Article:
Sources said Thursday that Carson’s campaign manager Barry Bennett and communications director Doug Watts gave Carson their notice.
Watts confirmed the news in a statement: “Yes, Barry Bennett and I have resigned from the Carson campaign effective immediately. We respect the candidate and we have enjoyed helping him go from far back in the field to top tier status. Having just announced raising $23 million for the fourth quarter, more than any other Republican candidate, and passing one million contributions and over 600 million unique donors. Since March, we are proud of our efforts for Dr. Carson and we wish him and his campaign the best of luck.”
Later Thursday, Deputy Campaign Manager Lisa Coen said that she has resigned because of Bennett and Watts’ departures. “I am deeply concerned about the campaign’s ability to move forward successfully without them,” Coen said. She said she wishes Carson “all the best going forward.”
Carson once led the polls in Iowa but has seen his popularity slide in the wake of questions about his foreign policy experience. The shake-up is likely to further disrupt the campaign’s equilibrium just as it was about to launch its final 30-day strategy plan before the Feb. 1 caucuses. Bennett and Watts had been planning to move to Iowa during the final weeks before the Iowa caucuses, along with about 20 other campaign staffers and hundreds of mostly college-aged volunteers.
Ryan Rhodes, Carson’s Iowa campaign director, said the volunteers will still be pouring into Iowa to campaign for Carson in the final month.
“I’m excited for January,” Rhodes told the Register. “Ben Carson has personally guaranteed me the campaign will have the resources to be successful in Iowa.”
Carson’s national senior strategist Ed Brook over is the new campaign manager, replacing Bennett, aides said.
Sources said the Bennett and Watts quit because of tensions with Armstrong Williams, a conservative radio personality and long-time friend of Carson’s who has been advising him in an unpaid role. Williams has described himself as Carson’s business partner and a long-time friend. The two met in the 1990s when Williams interviewed Carson for a TV show, The Hill has reported.
Carson, a retired neurosurgeon, may have hit his summit in the polls in Iowa with 28% support in October.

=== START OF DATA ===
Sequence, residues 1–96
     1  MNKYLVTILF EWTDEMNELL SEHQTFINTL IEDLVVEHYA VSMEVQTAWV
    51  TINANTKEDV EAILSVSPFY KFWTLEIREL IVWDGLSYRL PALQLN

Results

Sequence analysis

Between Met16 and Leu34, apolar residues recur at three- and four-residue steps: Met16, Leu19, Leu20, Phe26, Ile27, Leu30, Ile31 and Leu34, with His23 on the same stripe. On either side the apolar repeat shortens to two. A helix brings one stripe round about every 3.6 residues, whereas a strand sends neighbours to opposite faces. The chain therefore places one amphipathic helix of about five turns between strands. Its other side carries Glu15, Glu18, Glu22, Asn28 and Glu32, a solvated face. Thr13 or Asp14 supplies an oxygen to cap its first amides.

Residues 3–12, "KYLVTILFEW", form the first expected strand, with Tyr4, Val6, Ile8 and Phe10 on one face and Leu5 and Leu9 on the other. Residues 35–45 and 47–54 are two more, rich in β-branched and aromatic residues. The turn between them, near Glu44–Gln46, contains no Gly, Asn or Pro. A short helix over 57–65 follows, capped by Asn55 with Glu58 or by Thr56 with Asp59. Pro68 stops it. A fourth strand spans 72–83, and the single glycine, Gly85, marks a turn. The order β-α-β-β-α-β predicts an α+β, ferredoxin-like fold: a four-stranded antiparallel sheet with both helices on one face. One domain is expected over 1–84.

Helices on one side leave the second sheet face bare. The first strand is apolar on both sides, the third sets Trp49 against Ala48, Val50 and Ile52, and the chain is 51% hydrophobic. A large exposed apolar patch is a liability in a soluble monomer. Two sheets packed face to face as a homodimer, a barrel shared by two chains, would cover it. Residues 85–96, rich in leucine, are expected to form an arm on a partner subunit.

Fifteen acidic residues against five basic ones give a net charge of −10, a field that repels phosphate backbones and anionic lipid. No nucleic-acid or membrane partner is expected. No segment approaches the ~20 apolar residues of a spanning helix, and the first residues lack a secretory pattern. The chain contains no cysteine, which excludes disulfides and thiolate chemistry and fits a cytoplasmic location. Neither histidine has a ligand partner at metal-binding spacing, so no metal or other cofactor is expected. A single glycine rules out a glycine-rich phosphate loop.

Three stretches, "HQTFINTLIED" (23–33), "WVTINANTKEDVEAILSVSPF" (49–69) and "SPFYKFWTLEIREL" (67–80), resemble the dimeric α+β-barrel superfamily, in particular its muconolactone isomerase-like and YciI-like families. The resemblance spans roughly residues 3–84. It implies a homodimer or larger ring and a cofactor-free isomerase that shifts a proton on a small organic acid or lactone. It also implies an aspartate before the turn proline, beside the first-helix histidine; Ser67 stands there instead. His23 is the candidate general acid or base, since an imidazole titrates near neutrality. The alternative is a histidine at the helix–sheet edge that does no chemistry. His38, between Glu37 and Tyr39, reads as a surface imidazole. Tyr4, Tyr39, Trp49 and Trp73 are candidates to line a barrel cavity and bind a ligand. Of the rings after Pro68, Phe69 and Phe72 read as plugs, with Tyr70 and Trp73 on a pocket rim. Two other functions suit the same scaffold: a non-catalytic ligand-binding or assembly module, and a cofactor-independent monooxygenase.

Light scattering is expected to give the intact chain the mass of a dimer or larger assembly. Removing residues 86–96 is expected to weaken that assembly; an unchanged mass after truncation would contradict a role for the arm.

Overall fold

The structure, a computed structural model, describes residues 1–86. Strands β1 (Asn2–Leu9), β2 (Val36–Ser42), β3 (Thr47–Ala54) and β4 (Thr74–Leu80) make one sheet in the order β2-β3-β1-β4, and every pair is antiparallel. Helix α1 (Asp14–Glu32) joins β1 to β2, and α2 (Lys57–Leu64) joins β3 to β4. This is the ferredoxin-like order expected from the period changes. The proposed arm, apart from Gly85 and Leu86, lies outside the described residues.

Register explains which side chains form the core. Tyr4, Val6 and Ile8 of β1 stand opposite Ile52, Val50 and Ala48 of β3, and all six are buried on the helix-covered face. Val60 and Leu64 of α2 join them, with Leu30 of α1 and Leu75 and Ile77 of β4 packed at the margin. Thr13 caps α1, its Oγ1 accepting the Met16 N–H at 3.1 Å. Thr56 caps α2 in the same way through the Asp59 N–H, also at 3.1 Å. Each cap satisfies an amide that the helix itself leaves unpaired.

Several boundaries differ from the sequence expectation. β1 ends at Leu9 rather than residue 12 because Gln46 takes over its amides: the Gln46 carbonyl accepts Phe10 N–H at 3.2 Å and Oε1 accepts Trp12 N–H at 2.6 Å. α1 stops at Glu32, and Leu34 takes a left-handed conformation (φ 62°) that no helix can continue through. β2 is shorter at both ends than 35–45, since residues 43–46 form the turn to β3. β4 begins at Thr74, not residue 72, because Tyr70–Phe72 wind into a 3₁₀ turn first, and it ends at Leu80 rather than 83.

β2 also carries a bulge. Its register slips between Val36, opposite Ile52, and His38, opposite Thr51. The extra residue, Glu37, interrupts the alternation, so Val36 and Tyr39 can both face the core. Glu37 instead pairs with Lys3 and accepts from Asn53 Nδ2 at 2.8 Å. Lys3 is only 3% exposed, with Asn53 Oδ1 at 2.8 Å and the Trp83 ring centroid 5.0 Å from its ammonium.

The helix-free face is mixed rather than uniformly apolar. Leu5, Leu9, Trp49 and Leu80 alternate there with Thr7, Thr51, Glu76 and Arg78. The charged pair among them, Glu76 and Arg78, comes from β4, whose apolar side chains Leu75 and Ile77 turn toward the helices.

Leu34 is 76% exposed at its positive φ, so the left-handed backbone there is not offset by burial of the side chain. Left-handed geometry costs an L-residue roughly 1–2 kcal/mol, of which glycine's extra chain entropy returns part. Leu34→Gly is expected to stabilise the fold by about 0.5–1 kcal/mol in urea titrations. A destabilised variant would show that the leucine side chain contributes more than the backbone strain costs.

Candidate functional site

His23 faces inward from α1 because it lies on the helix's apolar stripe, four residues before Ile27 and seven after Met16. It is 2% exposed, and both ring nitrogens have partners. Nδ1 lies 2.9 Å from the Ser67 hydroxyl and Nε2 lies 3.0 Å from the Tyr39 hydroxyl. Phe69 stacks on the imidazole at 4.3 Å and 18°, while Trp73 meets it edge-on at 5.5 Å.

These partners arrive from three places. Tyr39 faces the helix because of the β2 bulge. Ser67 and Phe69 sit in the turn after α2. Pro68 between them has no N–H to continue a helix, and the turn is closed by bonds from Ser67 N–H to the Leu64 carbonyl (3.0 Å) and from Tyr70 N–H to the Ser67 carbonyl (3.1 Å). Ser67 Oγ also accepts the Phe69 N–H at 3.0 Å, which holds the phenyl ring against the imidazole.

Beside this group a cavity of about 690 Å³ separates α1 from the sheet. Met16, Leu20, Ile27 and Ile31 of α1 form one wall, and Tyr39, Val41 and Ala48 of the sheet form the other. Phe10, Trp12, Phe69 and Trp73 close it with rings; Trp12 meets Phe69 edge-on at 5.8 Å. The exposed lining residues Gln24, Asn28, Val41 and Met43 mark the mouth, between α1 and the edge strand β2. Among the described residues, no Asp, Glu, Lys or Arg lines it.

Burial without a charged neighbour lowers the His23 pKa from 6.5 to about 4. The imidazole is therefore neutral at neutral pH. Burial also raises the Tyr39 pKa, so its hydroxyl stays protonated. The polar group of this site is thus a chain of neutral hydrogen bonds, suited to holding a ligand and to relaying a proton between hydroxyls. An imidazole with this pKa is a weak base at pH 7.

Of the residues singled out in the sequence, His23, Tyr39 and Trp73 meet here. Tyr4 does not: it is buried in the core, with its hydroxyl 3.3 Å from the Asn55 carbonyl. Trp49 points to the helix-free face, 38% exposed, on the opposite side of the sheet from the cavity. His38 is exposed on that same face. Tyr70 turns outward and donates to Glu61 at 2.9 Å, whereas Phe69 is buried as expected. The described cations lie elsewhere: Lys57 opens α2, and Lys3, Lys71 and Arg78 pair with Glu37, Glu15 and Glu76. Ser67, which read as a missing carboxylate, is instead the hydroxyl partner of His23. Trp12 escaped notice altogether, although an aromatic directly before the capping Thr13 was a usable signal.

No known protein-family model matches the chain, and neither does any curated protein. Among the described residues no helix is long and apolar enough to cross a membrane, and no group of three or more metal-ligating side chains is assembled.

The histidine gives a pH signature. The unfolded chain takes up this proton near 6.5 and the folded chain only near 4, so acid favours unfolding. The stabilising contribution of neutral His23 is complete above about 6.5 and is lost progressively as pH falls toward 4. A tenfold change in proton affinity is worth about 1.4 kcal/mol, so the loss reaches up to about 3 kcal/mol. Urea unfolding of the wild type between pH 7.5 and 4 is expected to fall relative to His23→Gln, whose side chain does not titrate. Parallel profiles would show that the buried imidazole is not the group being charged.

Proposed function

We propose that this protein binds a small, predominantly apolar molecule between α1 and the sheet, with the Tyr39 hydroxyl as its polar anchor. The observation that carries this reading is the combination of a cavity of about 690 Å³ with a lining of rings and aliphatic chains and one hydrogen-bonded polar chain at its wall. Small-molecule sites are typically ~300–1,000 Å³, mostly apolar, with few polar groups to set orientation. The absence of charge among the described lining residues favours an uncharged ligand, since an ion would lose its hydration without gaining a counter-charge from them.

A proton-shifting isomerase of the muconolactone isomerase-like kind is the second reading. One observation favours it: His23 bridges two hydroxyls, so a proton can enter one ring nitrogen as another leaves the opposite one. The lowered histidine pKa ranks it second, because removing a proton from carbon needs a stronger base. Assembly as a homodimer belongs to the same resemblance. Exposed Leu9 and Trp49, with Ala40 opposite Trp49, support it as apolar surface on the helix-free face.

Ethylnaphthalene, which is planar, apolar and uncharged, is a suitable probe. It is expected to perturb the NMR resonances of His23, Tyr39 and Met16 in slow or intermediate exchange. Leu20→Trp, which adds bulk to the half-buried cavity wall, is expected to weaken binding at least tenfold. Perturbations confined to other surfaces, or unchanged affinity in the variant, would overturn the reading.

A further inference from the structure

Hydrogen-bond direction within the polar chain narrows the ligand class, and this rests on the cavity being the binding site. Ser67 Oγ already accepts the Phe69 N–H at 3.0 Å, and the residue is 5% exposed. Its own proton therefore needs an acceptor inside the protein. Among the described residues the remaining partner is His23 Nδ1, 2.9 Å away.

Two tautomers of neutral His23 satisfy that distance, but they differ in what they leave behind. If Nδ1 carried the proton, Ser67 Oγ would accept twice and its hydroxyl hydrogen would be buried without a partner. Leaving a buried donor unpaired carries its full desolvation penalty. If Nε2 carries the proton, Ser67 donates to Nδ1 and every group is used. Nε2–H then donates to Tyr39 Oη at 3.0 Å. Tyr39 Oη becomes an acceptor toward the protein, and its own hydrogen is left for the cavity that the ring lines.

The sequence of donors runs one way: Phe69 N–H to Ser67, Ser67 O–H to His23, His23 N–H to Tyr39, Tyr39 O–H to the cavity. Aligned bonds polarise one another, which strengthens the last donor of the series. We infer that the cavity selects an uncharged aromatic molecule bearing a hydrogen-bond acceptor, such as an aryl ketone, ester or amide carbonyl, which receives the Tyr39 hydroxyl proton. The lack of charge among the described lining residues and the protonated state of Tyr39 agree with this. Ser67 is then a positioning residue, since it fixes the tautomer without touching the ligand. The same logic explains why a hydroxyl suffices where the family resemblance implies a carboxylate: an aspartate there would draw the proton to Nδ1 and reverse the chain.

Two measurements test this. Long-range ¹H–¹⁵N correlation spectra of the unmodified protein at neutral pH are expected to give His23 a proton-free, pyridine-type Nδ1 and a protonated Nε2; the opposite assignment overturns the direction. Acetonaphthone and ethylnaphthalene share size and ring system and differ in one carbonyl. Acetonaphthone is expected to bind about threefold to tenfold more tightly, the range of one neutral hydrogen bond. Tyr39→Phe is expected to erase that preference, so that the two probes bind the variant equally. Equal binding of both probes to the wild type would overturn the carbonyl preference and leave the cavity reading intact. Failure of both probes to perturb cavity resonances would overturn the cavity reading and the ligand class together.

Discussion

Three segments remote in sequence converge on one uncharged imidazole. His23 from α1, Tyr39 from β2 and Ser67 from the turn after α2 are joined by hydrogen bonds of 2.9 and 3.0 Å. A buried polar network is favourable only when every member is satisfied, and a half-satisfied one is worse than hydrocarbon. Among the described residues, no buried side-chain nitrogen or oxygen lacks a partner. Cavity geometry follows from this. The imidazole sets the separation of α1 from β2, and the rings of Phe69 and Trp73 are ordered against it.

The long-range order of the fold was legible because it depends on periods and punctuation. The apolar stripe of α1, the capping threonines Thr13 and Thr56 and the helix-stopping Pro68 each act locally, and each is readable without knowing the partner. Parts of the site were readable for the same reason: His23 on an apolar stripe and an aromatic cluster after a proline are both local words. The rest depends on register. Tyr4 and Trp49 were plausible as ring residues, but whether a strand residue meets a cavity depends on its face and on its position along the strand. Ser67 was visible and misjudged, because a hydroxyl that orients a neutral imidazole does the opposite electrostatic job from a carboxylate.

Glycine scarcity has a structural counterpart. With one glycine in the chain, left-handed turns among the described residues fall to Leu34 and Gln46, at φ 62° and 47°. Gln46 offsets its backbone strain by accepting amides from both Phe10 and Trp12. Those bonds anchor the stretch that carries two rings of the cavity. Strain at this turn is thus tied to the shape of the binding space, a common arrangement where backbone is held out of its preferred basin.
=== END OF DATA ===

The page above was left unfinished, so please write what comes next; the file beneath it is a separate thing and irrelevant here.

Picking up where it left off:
Since then, he has plunged 15 percentage points, according to an early December Iowa Poll of likely GOP caucus goers conducted by the Register and Bloomberg Politics.
National security became a weakness for him, the polling shows. It’s a top issue in the GOP race, but very few likely caucus goers think Carson would be best to combat Islamic terrorism, just 5% when compared with the new Iowa front-runner Ted Cruz (32%) and Donald Trump (35%). Carson also measured low on the question about who’d make the best commander in chief, only 12% think he’d be best in that role. Carson’s image numbers also fell dramatically between October and December. The number who look at him “very” favourably plunged 25 percentage points — from 53% to 28%.
In mid-November, in a national television interview, Carson couldn’t name a country or leader he would call to form an international coalition to counter terrorists with the Islamic State, despite being asked three times by Fox News Sunday host Chris Wallace. Carson made other missteps, including mispronouncing the name of the Palestinian group Hamas as “hummus” during a speech to the Republican Jewish Coalition in Washington.
And Carson began to get pushback from evangelical Christians, a dominant voting bloc in the Iowa caucuses, after he said in an interview with The Washington Post published in early December that he doesn’t believe in the “Rapture” or a physical hell.
Another religious conservative, Cruz, a Texas U.S. senator, has taken the lead in Iowa, siphoning votes from Carson. Faith leaders will stump for Carson in January, drawing contrasts with Cruz, Carson aides said.
“We’re going to provide a clear message and show the real Dr. Carson,” Rhodes said.